Cluster of cardiovascular diseases and sequential risk increase for second events

Amelie Ohlrogge (Hamburg)1, H. Tunstall-Pedoe (Dundee)2, B. Geelhoed (Hamburg)1, F. M. Ojeda (Hamburg)1, S. Söderberg (Umeå)3, V. Salomaa (Helsinki)4, A. Linneberg (Copenhagen N)5, S. Blankenberg (Hamburg)1, K. Kuulasmaa (Helsinki)4, M.-L. Løchen (Tromsø)6, F. Kee (Belfast)7, L. Iacoviello (Pozzilli)8, T. J. Niiranen (Turku)9, R. Schnabel (Hamburg)10

1Universitäres Herz- und Gefäßzentrum Hamburg Klinik für Kardiologie Hamburg, Deutschland; 2University of Dundee Cardiovascular Epidemiology Unit, Institute of Cardiovascular Research Dundee, Großbritannien; 3Umeå University Department of Public Health and Clinical Medicine, and Heart Centre Umeå, Schweden; 4Finnish Institute for Health and Welfare Department of Public Health and Welfare Helsinki, Finnland; 5University of Copenhagen Department of Clinical Medicine, Faculty of Health and Medical Sciences Copenhagen N, Dänemark; 6UiT The Arctic University of Norway Department of Clinical Medicine Tromsø, Norwegen; 7Queens University Belfast Centre for Public Health Belfast, Großbritannien; 8Libera Università Mediterranea IRCCS Neuromed Pozzilli, Italien; 9Finnish Institute for Health and Welfare Department of Public Health and Welfare Turku, Finnland; 10Universitäres Herz- und Gefäßzentrum Hamburg Allgemeine und Interventionelle Kardiologie Hamburg, Deutschland



Cardiovascular diseases (CVD) are highly prevalent and the leading cause of death in many parts of the world. Common CVD are myocardial infarction (MI), stroke, heart failure (HF), and atrial fibrillation (AF). These frequently occur together and reciprocally increase the risk of each other.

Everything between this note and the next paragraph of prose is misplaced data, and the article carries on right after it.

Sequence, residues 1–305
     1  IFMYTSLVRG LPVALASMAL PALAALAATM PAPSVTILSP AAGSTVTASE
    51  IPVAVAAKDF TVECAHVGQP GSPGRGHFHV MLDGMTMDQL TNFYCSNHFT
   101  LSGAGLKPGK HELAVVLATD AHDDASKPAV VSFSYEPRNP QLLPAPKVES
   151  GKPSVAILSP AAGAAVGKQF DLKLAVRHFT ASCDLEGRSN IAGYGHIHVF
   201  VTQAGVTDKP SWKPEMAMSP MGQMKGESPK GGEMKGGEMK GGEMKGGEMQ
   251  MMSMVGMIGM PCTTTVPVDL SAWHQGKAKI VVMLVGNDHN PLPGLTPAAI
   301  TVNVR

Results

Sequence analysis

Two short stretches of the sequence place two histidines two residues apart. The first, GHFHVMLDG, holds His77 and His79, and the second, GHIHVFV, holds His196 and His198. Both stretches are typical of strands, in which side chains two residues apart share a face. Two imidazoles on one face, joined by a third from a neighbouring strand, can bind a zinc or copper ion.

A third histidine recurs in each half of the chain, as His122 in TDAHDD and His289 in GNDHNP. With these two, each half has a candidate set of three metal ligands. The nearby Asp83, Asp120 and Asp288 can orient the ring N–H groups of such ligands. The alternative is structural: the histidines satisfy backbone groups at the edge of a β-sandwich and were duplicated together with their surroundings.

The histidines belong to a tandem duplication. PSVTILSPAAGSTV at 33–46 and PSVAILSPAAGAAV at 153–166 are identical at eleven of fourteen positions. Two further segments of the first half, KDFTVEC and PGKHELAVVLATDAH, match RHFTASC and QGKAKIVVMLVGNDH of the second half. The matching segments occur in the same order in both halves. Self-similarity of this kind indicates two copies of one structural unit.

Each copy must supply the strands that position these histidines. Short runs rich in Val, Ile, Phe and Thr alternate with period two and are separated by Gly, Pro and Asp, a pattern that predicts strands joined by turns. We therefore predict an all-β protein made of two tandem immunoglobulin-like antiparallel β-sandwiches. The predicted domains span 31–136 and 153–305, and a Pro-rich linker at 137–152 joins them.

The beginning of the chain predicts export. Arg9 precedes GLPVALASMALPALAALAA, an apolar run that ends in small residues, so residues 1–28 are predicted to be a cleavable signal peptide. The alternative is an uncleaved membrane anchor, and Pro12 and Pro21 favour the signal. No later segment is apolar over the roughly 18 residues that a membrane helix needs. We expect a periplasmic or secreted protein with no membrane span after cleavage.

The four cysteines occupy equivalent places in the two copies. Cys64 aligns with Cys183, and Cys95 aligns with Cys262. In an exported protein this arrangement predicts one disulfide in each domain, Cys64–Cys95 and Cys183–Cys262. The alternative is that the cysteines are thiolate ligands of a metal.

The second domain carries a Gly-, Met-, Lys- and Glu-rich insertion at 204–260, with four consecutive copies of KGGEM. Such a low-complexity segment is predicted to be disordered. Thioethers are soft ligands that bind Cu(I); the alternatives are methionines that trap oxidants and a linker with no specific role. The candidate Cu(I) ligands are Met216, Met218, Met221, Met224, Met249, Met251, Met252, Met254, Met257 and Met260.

We analysed the occurrence of CVD in 89,975 participants of eight population-based cohorts of the MORGAM project carried out in six European countries. Hazard ratios were calculated for the onset of a second CVD event after the diagnosis of the first ever CVD event and depending on the time since diagnosis of the first CVD. Simultaneous co-occurence was defined as the onset of two or more CVD events within 30 days, for this analysis we excluded cases in which death occured on the same day as a CVD event.


During the median follow-up of 13.9 years, a total of 6,008 individuals developed an MI (6.7%), 5,398 individuals HF (6.0%), 4,430 individuals AF (4.9%) and 3,866 individuals a stroke (4.3%). The cluster of MI and HF was most frequent (1,761 individuals), followed by HF and AF (1,667 individuals), MI and stroke (788 indivdiuals) and AF and stroke (740 individuals). 114 individuals developed all four CVDs.

Simultaneous co-occurence of CVD was found in 340 individuals with MI and HF, in 325 individuals with HF and AF, in 125 individuals with stroke and AF, and in 116 individuals with MI and AF. Co-occurence of both MI and HF with stroke was less likely to appear within 30 days (69 and 38 indivdiuals, respectively).

The risk of developing HF after AF was highest (hazard ratio (HR) 8.03, 95% confidence interval (CI) 6.32 - 10.19, p-value <0.01), followed by the risk of developing HF after MI (HR 7.84, 95% CI 6.54 - 9.39, p-value <0.01) and the risk of developing AF after HF (HR 6.62, 95% CI 4.91 - 8.91, p-value <0.01). The HRs for any other combination of CVD were lower, ranging from 1.49 to 2.14. The risk increase after the occurrence of one CVD was particularly pronounced in the first year after diagnosis and decreased afterwards, with an HR of up to 18.42 (95% CI 15.31 - 22.16 <0.01) for HF in the first years after a MI.


CVDs are common in the general population and frequently occur in clusters. The risk for developing a second CVD largely varies, and is highest for HF after AF, followed by HF after MI. This risk is highest in the first year after the initial diagnosis and decreases afterwards. These findings highlight the need for tailored aftercare after a CVD diagnosis.


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